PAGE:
It’s early morning on the island, when the light casts shadow on marsh grass and egrets stand stick footed, frozen in stillness. We walk side-by-side, father and daughter down the causeway before applying suntan lotion on sandy beach towels.
We’ve only done this once before, had this time together alone at the beach and I can tell by the pace he keeps, the smile on his face, there is joy to do this with me. We’ve never settled into being comfortable with this kind of being alone. Circumstances separate us when I am just three years old. How do you get to know your father in just one week over the summer?
I’ve never escaped the grief of what divorce does to a family. Maybe I never will.
As we talk about kids and work, his hobbies, thoughts about retirement, he says he probably should’ve never been a father, that he isn’t very good at it. And maybe for him, that was an apology of sorts for not being there for me in the way he could’ve been if things were different.
But when he said it, what I heard was this: You should have never been born because your presence makes me feel like a failure. And I opened my fist full of rights to be loved by a father that day and let those seeds blow into the wind and scatter on the sticky mud. Because I don’t want to be a reminder of failure to anyone.
There are different types of failures. The first isn’t necessarily the sin-type of failure. Rather, this is when we fail to live up to some expectation we have of the way things ought to be . . . . the thing about this type of failure, whether real or perceived, is that it reminds me of my own limits and takes me to a place of recognizing I can’t make this life work the way I want, no matter how noble or worthy or good my intentions. ~Emily Freeman, Grace for the Good Girl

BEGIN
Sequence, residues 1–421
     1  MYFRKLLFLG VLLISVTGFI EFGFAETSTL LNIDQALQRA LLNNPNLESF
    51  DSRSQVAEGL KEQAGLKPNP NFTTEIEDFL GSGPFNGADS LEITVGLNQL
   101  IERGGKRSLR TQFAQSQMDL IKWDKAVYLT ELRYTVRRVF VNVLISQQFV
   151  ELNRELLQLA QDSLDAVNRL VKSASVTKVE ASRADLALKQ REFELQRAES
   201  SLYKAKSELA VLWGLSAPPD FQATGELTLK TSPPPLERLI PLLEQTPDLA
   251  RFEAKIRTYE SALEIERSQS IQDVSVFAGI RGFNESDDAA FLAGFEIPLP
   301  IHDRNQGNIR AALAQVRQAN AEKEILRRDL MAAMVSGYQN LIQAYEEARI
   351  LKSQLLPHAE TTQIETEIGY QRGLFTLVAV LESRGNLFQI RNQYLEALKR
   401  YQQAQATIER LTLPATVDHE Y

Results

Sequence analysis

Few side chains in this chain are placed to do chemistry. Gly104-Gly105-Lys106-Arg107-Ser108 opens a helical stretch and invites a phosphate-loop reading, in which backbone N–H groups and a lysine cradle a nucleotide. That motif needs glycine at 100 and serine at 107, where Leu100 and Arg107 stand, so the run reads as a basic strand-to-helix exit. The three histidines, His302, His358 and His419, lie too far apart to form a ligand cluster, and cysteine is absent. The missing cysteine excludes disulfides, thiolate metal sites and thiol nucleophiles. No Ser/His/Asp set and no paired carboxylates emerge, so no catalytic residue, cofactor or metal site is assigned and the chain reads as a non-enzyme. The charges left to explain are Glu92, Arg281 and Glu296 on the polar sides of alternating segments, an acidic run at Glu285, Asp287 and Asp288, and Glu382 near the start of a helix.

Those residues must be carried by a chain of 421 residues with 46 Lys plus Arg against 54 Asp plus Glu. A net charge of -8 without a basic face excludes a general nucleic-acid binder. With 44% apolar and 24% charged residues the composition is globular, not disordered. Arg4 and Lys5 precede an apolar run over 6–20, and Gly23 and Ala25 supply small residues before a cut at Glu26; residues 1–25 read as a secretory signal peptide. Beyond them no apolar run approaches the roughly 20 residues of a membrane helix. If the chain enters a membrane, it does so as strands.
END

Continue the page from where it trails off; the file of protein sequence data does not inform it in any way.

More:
And being a daughter to a father that says he never should’ve been one, feels like pushing a broken down car on a hot day. It takes effort and time to get to the town of relationship and sometimes you just give up and walk away because the distance seems overwhelming.
That doesn’t mean your heart stops beating love in trying to make it work, you just let go of the expectation that it’s going to be something other than what it is.
It turns out Jesus, he stood there holding the key outstretched in his scarred hand the whole time. He walked on the road that day with my father and I. Stood in the place between my expectations and reality, the wounded, empty place that neither one of us can fill for each other.
The hard shell of entitlement to be loved by a parent, it cracked off me and washed away in the tide that drifted in to fill the empty places full. And just like that water coming in and going out, His love is steady and sure, isn’t limited or shifted by our failures or good intentions as a father and daughter.
The disparity between expectation and reality, it’s Jesus.
This is a repost, inspired by Emily P. Freeman’s book, Grace for the Good Girl, Chapter 16 entitled Safe Even in Failure.
Counting gifts with Ann and thankful for cool weather, a saved hard drive, candlelight, time to garden, the color and texture of Fall spread around the house, my husbands sermon, a day for all of us in Charleston, time with a book on my back porch, candy corn and cozy blankets.
This is #15 in the series 31 Days of Letting Go. You can read the collective here. If you are a writer, I invite you to link up any post you’ve written on the theme of letting go in the comments here on Friday. Subscribe to receive the series in your inbox or feed by adding your address in the side bar under Follow Redemptions Beauty.